Ps.30:11 You have turned my mourning into joyful dancing NLT. The Message puts it, ‘You ripped off my black mourning armband and decked me with flowers’. What a startling transformation of a personal situation!

Rare is the person who has not suffered some kind of setback. It is an accepted fact that at some time in our life we will be faced with a setback. It happens in professional sports careers, in businesses, in general health, in social undertakings, in marriages and families. It happens on a larger scale when entire communities are stricken with natural disasters – earthquakes, floods and fires, or pandemics such as Covid 19.

The psalmist, whether it was David or not, had been plunged into a period of pain and loss. The kind of loss that subjects our mental and emotional caliber to excessively stressful levels; leaving us unable to cope relying on our own resources. His faith relationship with God changed his mood and perspective, lifting him from setback to comeback.

In 2 Cor. 11 Paul lists his setbacks, imprisonment, beatings, near death experiences, flogging, lashing, stoning, shipwreck, being robbed, betrayed, treated badly, severe illness that he begged God to remove. That is a formidable record of endurance which none of us would want to experience. His comeback was ensured each time by God’s undertaking, ‘My grace is enough; it’s all you need. My strength comes into its own in your weakness’. 12:9 TM. This is something God does ‘when our sufficiency gives out and his all sufficiency takes over’ (Peterson).

Recovery is an established seasonal pattern written into nature. The deadness of winter is replaced with the fertility of spring. The extraordinary damage left by a veld fire is transformed by the slow appearance of shoots and new buds. Drought and flood create devastation, destruction and death and we wonder if anything can survive, but slowly and tenderly the life forces within nature take over the work of restoration and renewal covering the scars left behind.

The cross and crucifixion (what a setback) followed by the tomb and resurrection (what a comeback). ‘Jesus death and resurrection is God’s way of revealing a universal pattern that weaves through all life. God can take the worst thing in the world – the killing of the God-Human Jesus – and change it into the best thing: the redemption of the world. The same can happen for us.’ (Richard Rohr). As one other writer put it ‘The darkness of the tomb became the darkness of the womb giving birth to a new era of living’.

My neighbour has recently had his house remodeled. Their seven months of demolition, ripping out ceilings, walls cupboards, dust, bricks, mortar, sand, strewn cables and tearful delays – all in all, what a setback to a family home, but seeing the splendid result and completed transformation – what a stunning comeback! Perhaps there is a parable in that relating to the setbacks our day to day living may bring. Bad decisions lead us into disappointment, loss and frustration.  We took a risk and regretted it. A medical diagnosis plunges us into shock and despair and we wonder if the body will recover. It may not, but the spirit can triumph. A failure in our planning and action, or retrenchment resulting in unemployment leading to a mental breakdown or depression. Bereavement strikes cutting deep into precious relationships. The sense of loss creates a gap no one can fill. Grief always comes as a setback. These are setbacks we may suffer, but God in the abundance of his grace together with the resilience of the human spirit can bring about a comeback.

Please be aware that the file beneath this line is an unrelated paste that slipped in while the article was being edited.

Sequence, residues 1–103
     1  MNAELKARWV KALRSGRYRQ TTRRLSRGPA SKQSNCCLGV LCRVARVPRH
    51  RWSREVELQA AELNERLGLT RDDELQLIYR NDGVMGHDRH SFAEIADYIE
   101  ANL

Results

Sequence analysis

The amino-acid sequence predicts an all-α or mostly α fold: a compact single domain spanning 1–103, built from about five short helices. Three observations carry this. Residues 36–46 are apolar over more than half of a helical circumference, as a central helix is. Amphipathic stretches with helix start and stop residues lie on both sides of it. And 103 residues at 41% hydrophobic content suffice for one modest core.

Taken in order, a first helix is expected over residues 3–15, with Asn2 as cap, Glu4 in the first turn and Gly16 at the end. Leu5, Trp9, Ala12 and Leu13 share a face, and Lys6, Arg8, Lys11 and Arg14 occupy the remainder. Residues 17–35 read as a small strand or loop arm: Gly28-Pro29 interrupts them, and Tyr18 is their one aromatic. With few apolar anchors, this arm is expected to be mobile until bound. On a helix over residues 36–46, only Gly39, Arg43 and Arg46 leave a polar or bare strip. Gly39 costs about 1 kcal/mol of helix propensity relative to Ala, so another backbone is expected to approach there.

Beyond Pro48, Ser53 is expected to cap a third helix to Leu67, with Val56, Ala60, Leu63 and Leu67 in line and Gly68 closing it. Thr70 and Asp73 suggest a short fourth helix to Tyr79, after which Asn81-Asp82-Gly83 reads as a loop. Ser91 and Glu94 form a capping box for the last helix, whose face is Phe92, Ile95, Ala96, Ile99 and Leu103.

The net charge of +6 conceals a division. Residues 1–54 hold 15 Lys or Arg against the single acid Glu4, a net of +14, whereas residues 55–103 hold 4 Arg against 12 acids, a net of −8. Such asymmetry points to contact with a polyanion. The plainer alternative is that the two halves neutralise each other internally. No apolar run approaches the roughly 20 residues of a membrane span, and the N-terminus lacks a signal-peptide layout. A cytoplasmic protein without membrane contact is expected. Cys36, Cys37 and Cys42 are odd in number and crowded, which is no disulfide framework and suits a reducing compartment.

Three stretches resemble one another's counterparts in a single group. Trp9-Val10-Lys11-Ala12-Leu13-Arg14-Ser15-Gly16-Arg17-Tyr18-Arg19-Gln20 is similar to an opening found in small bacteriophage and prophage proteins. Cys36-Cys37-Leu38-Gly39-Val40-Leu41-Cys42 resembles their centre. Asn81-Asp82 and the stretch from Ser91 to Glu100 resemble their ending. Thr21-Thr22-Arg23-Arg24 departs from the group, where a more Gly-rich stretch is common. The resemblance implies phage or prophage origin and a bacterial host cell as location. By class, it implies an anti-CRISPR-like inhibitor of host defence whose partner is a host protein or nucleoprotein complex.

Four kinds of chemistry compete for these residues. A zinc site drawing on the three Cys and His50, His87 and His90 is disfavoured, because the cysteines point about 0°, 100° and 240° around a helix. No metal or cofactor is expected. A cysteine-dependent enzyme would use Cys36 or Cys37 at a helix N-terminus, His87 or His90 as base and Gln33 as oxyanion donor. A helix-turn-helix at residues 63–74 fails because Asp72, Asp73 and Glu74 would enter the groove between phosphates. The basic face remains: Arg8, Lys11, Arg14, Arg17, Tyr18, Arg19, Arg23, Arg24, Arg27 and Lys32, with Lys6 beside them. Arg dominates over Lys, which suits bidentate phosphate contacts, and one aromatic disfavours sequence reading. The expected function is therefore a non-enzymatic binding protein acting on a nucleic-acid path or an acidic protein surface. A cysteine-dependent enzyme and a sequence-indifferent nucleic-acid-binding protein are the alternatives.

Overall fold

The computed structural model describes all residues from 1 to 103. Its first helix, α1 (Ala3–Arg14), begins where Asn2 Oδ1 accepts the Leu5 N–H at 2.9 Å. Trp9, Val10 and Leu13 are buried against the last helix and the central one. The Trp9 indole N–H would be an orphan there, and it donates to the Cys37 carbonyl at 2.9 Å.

Peter did not know himself and overestimating his capabilities made a declaration of allegiance he didn’t keep. He stepped out of the boat and set off with faulty confidence ending in a near drowning. His comeback established him as a leader in the early church. Joseph was cut down to size by his brothers, sold into slavery, falsely accused of sexual misconduct and imprisoned in a foreign land. His comeback was his full restoration and appointment as C.E.O. of the Egyptian economic recovery; all the work of God  Gen.45:8. Job lost everything he owned and was cursed by his wife, but he was restored, ‘The lord blessed the latter part of Job’s life more than the former’ (42:12). A comparable example of such a comeback in South Africa is Mandela; from years of incarceration on Robben Island to inauguration as the first Black President of this country.

We worship a wonderful, all powerful, all loving, faithful God who keeps his promises. Setbacks may come as a result of our own decisions, or through circumstances beyond our control, but the economy of God’s grace is sufficient to turn each one in some way into a comeback – to his glory and praise.